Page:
A comprehensive analysis into the lawfulness of state-sponsored targeted killings under international human rights and humanitarian law, this book examines treaties, custom and general principles of law to determine the normative paradigms which govern the intentional use of lethal force against selected individuals in law enforcement and the conduct of hostilities. It alse addresses the relevance of the law of interstate force to targeted killings, and the interrelation of the various normative frameworks which may simultaneously apply to operations involving the use of lethal force. Through a comprehensive analysis of treaties, custom and general principles of law in light of jurisprudence, doctrine and travaux preparatoires the author demonstrates that contemporary international law provides two distinct normative paradigms which govern targeted killings in situations of law enforcement and the conduct of hostilities. Based on the resulting normative paradigms, the author shows in what circumstances targeted killings may be considered as internationally lawful. The practical relevance of the various conditions and modalities are illustrated by reference to concrete examples of targeted killing from recent state practice. The book argues that any targeted killing not directed against a legitimate military target remains subject to the law enforcement paradigm, which imposes extensive restraints on the practice. Even under the paradigm of hostilities, no person can be lawfully liquidated without further considerations. As a form of individualized or surgical warfare, the method of targeted killing requires a microscopic interpretation of the law regulating the conduct of hostilities which leads to nuanced results reflecting the fundamental principles underlying international humanitarian law. The author concludes by highlighting and comparing the main areas of concern arising with regard to state-sponsored targeted killing under each normative paradigm and by placing the results of the analysis in the greater context of the rule of law. *The author has conceived and written this book in an entirely personal capacity and independently from his function as a Legal Adviser in the Legal Division of the ICRC. The opinions expressed therein are his own and do not necessarily correspond to those held by the ICRC or its Legal Division.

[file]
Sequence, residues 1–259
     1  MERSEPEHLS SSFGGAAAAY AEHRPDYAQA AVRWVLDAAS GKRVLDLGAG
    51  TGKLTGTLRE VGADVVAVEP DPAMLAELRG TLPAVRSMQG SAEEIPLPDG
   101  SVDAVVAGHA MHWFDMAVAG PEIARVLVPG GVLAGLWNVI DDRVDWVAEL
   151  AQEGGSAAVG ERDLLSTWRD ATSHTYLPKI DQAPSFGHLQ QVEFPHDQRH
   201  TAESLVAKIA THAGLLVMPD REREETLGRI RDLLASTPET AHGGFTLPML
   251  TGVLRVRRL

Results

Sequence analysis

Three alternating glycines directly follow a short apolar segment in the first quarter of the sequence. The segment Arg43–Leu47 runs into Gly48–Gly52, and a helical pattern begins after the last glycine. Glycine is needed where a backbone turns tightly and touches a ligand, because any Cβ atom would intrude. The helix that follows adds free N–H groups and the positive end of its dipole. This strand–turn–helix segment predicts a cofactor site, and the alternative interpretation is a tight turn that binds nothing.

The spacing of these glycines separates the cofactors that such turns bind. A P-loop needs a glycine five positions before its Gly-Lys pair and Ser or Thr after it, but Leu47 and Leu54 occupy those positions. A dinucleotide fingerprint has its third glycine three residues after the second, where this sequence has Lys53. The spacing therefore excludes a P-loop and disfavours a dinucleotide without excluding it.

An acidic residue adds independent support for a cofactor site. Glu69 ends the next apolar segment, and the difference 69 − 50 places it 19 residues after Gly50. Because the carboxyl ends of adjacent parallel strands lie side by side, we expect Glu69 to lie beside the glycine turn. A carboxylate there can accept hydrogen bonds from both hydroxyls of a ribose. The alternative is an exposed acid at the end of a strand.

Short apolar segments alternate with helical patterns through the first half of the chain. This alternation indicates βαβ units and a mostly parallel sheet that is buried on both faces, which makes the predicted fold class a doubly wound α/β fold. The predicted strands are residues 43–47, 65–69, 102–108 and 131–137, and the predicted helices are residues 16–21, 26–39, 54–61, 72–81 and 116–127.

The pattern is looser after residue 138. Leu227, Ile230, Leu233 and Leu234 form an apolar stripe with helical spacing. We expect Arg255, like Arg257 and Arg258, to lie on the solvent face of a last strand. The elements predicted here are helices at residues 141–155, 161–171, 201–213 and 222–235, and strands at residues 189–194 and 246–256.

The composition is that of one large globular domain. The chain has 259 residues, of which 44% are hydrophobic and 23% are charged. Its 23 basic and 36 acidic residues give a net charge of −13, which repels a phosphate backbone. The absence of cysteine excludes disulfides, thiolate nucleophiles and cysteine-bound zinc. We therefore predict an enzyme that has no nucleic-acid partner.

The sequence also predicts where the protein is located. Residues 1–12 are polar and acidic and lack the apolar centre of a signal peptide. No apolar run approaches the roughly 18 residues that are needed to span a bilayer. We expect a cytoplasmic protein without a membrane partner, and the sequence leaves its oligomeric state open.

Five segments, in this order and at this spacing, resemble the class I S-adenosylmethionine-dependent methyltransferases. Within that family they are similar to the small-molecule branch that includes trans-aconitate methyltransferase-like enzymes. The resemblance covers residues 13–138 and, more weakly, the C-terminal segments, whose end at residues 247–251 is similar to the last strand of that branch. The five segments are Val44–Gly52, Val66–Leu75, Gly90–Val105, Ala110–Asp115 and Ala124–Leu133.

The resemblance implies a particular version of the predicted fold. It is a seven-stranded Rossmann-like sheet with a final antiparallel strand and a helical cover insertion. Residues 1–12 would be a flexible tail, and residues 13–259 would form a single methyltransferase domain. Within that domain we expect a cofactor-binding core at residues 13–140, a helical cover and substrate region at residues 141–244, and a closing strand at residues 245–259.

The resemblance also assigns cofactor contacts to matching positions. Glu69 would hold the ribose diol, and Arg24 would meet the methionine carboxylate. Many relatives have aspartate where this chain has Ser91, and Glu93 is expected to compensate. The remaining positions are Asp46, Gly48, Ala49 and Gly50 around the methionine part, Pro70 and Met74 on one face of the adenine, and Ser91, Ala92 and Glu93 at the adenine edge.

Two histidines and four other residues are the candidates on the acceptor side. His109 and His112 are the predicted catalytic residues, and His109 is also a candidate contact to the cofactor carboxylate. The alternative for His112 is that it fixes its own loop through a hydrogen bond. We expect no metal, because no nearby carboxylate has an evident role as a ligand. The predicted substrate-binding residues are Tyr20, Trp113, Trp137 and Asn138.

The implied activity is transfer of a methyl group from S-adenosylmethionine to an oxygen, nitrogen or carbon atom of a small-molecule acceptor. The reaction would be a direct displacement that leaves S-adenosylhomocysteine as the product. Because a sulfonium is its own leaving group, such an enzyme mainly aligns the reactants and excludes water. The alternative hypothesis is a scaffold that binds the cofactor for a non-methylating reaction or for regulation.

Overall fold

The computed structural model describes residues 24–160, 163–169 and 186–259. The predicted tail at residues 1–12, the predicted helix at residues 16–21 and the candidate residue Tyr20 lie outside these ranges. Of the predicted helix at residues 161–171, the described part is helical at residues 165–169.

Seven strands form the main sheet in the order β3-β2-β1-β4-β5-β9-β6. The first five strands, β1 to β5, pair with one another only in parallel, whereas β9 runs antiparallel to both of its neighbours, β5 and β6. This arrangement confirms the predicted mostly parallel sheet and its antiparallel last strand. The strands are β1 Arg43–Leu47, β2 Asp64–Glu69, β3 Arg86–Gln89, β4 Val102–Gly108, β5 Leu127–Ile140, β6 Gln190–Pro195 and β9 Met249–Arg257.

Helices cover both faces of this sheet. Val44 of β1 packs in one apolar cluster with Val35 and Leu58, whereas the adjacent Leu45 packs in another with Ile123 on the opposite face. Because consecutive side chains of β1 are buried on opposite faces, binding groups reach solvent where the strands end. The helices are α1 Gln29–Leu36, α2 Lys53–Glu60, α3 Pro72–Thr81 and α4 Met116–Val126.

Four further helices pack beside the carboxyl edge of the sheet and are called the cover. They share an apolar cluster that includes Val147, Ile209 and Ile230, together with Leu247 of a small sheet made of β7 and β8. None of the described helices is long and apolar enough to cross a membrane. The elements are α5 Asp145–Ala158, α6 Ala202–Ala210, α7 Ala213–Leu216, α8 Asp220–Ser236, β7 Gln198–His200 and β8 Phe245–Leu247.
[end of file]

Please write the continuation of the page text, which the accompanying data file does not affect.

Targeted Killing in International Law is a piece of solid scholarship which can only be recommended to scholars, practitioners, and students alike...it is a very methodically researched treatise which will become a useful work of reference on the topic. It is definitely a step towards finally settling the legal problems surrounding the question of targeted killing and will hopefully help to bring an end to the 'shadowy realm of half-legality and non-accountability.' * Tamas Hoffmann, Corvinus University, Budapest, Leiden Journal of International Law, vol 22, * Mr Melzer's monograph is a very articulated and expert account of the legal framework governing targeted killings in both peacetime and during an armed conflict. It is recommended for those who want to expand their knowledge of the topic. * Vincent Roobaert, Assistant Legal Adviser, NC3A * Melzer's book makes a significant contribution to our understanding of hot targeted killing is regulated by international law. His sensible definition of the problem, his principled division of the analysis into law enforcement and hostilities paradigms, his provocative analysis of military necessity, and his coverage of often overlooked aspects, such as booby-traps, will no doubt influence future work on this issue. * William Abresch, European Journal of International Law, 2009 * The book is a well written, clearly structured, thoughtful and measured account of issues such as current state practice, judicial consideration and relevant international law...In essence Targeted Killing in International Lawis a book about balance and the desire for careful consideration before the application of policies involving the destruction of lives. Melzer deals with each of the legal issues involved in targeted killing with clarity and precision...Melzer's detailed examination is a large step forward in the development of a better understanding of the issues and particular pressure points that daily engage advisers, courts, international lawyers and politicians when trying to determine when the state is in the position to take lives. * The Australian Yearbook of International Law, Volume 27 *